This week, the
Christian Fiction Blog Alliance
is introducing
Thunder (Stone Braide Chronicles)
Revell (October 7, 2014)
Bonnie S. Calhoun

Bonnie S. Calhoun is Owner/Director of Christian Fiction Blog Alliance, owner/publisher of Christian Fiction Online Magazine, Northeast Zone Director for American Christian Fiction Writers (ACFW), and the ACFW ‘2011 Mentor of the Year.”

She love to write, but it doesn’t make her happy unless there are the three B’s…body count, blood, and blowing things up. She also have mad skills at coding HTML, and website design. And she live in a log cabin in the woods with fifteen acres and a pond full of bass, though she’d rather buy fish at the grocery store. Bonnie shares her domain with a husband, a dog, and two cats, all of whom think she’s waitstaff!

Her sites are:


In post-apocalyptic America, Selah Chavez is crouched in long grass on a shore littered with the rusted metal remnants of a once-great city. It is the day before her eighteenth Born Remembrance, and she is hunting, though many people refuse to eat animal flesh, tainted by radiation during the Time of Sorrows. What Selah’s really after are Landers, mysterious people from a land across the big water who survive the delirium-inducing passage in small boats that occasionally crash against the shoreline. She knows she should leave the capture to the men, but Landers bring a good price from the Company and are especially prized if they keep the markings they arrive with.

Everything falls to pieces when the Lander Selah catches is stolen by her brothers–and Selah wakes up the next morning to find the Lander’s distinctive mark has suddenly appeared on her own flesh. Once the hunter, Selah is now one of the hunted, and she knows only one person who can help her–Bohdi Locke, the Lander her brothers hope to sell.

With evocative descriptions of a strange new world that combines elements of scientific advances, political intrigue, and wilderness survival, Bonnie S. Calhoun weaves a captivating tale of a world more like our own than we may want to admit.

You can read Tremors, the prequel to the series for FREE on Amazon HERE.

If you’d like to read the first chapter of Thunder (Stone Braide Chronicles), go HERE.







Thunder is the first book in Bonnie Calhoun’s new Stone Braide Chronicles published by Revell. The story takes place along the east coast of the United States approximately 150 years after The Time of Sorrows when the earth was nearly destroyed by nuclear war and the resulting volcanoes, tsunamis, etc. Some humans survived the holocaust and some even thrived but their world was a strange one with stark contrasts. Many of the humans worked hard for their daily needs using fairly primitive methods while others lived in comfort in a scientifically advanced self-contained city  in The Mountain. One would think that after such an apocalypse, people would learn to get along but human nature never seems to change and the practice of defining a person’s worth by their race or where they lived was as common as ever. In this fractured world, Selah was on the verge of becoming an adult and could not wait to prove herself but woke to find that everything she believed about her life was a lie.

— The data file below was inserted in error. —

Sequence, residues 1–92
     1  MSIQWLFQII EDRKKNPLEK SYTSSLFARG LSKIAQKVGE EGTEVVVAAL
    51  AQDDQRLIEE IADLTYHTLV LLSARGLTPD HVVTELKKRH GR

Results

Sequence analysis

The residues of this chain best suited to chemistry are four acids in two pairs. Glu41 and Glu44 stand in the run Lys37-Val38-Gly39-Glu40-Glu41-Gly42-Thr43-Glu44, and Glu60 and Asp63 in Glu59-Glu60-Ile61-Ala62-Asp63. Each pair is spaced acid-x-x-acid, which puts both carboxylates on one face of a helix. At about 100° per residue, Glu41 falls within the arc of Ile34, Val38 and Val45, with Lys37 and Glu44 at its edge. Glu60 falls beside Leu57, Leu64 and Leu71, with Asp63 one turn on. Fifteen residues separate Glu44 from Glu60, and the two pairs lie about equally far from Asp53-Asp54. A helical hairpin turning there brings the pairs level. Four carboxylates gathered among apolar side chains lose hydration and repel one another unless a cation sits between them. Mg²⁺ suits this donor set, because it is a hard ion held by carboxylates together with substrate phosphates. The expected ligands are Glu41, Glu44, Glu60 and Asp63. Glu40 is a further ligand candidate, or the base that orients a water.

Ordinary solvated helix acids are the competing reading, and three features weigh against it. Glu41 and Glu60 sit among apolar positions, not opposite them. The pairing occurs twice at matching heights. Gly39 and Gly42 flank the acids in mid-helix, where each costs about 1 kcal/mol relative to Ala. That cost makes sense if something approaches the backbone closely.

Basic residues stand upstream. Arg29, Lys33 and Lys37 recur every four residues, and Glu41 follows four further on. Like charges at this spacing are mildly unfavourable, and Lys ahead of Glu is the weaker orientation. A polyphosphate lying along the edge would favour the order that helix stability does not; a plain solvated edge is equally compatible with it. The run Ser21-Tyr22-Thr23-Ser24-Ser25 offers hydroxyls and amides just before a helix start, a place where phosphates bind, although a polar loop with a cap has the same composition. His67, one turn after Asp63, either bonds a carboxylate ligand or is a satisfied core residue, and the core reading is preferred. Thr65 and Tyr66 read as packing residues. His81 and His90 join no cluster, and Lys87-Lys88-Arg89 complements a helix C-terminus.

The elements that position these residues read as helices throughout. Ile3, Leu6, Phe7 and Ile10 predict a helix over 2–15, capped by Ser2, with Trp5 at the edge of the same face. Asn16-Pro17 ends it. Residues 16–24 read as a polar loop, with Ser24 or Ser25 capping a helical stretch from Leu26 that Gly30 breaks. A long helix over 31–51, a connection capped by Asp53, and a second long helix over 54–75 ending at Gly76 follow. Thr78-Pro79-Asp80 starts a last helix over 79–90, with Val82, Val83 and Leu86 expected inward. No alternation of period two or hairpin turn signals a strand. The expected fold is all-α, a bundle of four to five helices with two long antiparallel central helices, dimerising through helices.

Bonnie’s writing style is easy going and held my interest throughout the book. The plot moved along at a good pace and held plenty of adventure, mystery, and conflict to keep me engaged. The characters were well developed and exhibited believable actions and change as the story progressed. Although I found Selah frustrating at times, her behavior was typical of a person her age – eager to prove themselves an adult but not enough maturity to pull it off.

I did enjoy the book although I will be the first to admit that this genre is not among my favorites. I also confess that I still have plenty of unanswered questions, particularly about exactly who the Landers might be. I am hoping for more details in Bonnie’s next installment and hate that I have to wait so long to read it. Overall, Thunder is an excellent adventure and should be read for pure enjoyment rather than trying to analyze it too deeply.